Thursday, December 23, 2010

Everlasting by Angie Frazier

I finally got my hands on a copy of Angie Frazier's book, Everlasting. You know that old saying, "better late than never"? Well, to follow it with another cliché, truer words were never spoken: Though I'd have liked this book when it first came out six months ago, back then I was finishing the Jane project (and therefore not really reading). And just after that I embarked on the six-week composition frenzy that was the Shakespeare poems. (Note to Santa: Please send me an agent, Santa? I've been a very good girl this year. For me. I know that's relative, but still. Aaaand . . . I digress.) What I'm getting at is that I'm glad I got to read this book even though it's now and not then.

Angie Frazier () did such a great job creating the world that her characters inhabit that it was easy for me to imagine the dirt and the stench of some of the places her characters inhabited. It was also - and unfortunately - all too easy for me to imagine the bit of woods later in the book with ginormous black widow spiders in it for which I will get even with Angie if it is the last thing I do. She did such a great job writing her characters that I forgot that I don't really care for the names Camille, Oscar or Ira. I don't really care for the name Randall, either, but as his character was left in San Francisco early on in the book and it was clear to me (and Oscar, but not Camille) that Oscar was the proper hero for whom to root, I didn't worry about wanting to like Randall. But I did worry about wanting to like Oscar despite his name, and by midway through the book I found myself thinking that Oscar's not all that bad a name really and I was almost ready to declare it a perfectly dishy name by the end of the book, but I am not quite addlepated enough to do so. Oscar was a perfectly dishy character, however, so all was well.

The book starts out as simple historical fiction - Camille is engaged to Randall, and sets to sea with her father for one last jaunt before her marriage. Oscar is the first mate on the ship, and he and Camille have an obvious bond, but he lacks sufficient status and means to be considered a worthy beau for the daughter of a prosperous businessman (her father is not just a sea captain, but also owns his own shipping company). This being 1855, I figure our plot is essentially the same as the one Leo and Kate had in Titanic.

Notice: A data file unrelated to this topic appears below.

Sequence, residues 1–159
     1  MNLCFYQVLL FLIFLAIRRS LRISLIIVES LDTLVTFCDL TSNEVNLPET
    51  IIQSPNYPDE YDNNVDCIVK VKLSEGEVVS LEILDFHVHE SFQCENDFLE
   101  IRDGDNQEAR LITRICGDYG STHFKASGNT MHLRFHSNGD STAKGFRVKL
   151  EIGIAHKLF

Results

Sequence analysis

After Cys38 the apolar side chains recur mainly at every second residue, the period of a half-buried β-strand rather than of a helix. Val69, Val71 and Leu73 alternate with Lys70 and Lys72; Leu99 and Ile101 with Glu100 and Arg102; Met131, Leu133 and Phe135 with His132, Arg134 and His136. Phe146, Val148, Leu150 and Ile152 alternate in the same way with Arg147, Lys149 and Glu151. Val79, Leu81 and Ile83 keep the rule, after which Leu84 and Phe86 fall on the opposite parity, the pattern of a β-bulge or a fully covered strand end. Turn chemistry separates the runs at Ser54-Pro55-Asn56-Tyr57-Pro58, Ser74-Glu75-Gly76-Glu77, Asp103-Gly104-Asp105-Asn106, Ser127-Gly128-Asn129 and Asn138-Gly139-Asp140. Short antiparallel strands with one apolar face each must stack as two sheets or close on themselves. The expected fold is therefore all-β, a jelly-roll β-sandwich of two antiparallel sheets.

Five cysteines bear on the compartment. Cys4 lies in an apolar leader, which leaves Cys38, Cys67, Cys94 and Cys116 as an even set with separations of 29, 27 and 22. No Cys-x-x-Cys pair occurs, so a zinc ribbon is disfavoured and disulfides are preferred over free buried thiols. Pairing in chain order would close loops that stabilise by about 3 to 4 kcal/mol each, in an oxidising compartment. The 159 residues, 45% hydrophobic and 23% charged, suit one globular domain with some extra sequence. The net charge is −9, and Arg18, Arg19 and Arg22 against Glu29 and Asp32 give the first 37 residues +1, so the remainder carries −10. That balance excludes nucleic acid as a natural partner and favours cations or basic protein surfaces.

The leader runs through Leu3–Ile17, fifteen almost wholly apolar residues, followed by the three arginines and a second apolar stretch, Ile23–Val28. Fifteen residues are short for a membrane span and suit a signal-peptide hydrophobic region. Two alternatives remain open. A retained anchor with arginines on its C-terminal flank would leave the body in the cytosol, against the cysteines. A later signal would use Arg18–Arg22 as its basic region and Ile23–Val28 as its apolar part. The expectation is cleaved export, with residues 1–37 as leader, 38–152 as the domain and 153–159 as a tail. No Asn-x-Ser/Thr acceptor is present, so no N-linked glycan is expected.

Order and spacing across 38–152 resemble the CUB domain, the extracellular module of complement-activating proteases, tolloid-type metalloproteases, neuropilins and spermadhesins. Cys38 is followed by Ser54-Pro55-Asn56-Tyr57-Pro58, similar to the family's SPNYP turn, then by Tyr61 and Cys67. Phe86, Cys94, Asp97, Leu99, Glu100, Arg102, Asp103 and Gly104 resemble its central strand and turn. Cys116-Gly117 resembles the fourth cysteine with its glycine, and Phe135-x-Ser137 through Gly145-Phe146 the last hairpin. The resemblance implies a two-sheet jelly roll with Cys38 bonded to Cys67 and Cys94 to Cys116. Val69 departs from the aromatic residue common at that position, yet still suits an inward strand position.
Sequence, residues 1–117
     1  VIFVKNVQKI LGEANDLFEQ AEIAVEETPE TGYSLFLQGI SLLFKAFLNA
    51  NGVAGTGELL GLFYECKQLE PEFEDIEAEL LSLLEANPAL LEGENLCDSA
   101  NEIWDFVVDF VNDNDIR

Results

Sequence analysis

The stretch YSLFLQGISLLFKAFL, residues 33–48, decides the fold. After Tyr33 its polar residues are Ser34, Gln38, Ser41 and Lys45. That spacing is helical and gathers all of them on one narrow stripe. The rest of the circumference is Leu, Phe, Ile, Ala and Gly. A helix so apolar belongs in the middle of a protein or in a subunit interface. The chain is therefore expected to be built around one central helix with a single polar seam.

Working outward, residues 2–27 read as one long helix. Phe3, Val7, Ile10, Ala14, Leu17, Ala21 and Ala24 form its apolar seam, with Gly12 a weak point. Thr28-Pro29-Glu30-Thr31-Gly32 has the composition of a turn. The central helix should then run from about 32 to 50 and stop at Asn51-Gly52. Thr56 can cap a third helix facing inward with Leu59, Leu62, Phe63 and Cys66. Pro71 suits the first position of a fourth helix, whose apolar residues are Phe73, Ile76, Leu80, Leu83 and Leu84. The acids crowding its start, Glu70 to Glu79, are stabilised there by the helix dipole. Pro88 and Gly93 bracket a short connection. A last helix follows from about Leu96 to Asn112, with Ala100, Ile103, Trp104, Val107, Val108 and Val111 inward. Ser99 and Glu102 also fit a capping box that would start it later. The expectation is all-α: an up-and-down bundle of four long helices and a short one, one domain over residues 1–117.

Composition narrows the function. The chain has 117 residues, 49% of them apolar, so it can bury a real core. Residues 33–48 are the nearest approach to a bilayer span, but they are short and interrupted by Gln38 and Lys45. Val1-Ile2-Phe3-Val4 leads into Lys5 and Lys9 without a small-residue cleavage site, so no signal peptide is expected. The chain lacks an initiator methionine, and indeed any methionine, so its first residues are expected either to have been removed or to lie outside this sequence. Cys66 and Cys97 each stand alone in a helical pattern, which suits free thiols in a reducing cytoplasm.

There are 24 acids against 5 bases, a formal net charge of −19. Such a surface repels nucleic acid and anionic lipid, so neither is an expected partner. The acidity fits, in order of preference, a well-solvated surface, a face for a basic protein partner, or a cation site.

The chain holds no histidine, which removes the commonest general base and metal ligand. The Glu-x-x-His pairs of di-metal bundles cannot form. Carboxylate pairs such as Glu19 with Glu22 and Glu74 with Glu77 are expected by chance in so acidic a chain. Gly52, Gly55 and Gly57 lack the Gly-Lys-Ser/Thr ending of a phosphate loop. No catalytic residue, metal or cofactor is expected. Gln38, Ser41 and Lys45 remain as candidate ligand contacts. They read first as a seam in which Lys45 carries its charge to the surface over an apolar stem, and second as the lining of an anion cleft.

But wait! Just off the coast of Australia, things get way hinky when Camille finds a letter in her father's cabin and learns that her mother - who she was told died giving birth to her - is (probably) still alive (although dying of consumption) in Australia. She doesn't reach the end of the letter, but before she's interrupted, she reads about a map to a fabled magical relic, and next thing you know, we're in a historical fantasy (albeit set in the real world of 1855). And what a historical fantasy it is - no preternatural creatures, exactly, just some truly old magic at work.

One of the things I appreciate about the story is Angie's willingness to put her main character(s) through hell. I'm sure the impulse was there to let someone else sustain the horrible injuries and go through the many difficulties and torments between the beginning and end of the book, but Angie did not flinch - and truly, neither did her characters, which is one of the things that made me so willing to like them. So much so that, as I already said, I almost got over their names.*


*I realize the name aversion is just me, by the way. There is nothing wrong or improper about any of the choices - some of them just aren't names I care for. Others - like William and Samuel - were just dandy as far as I was concerned. And it didn't stop me from liking the book.


Kiva - loans that change lives

No comments: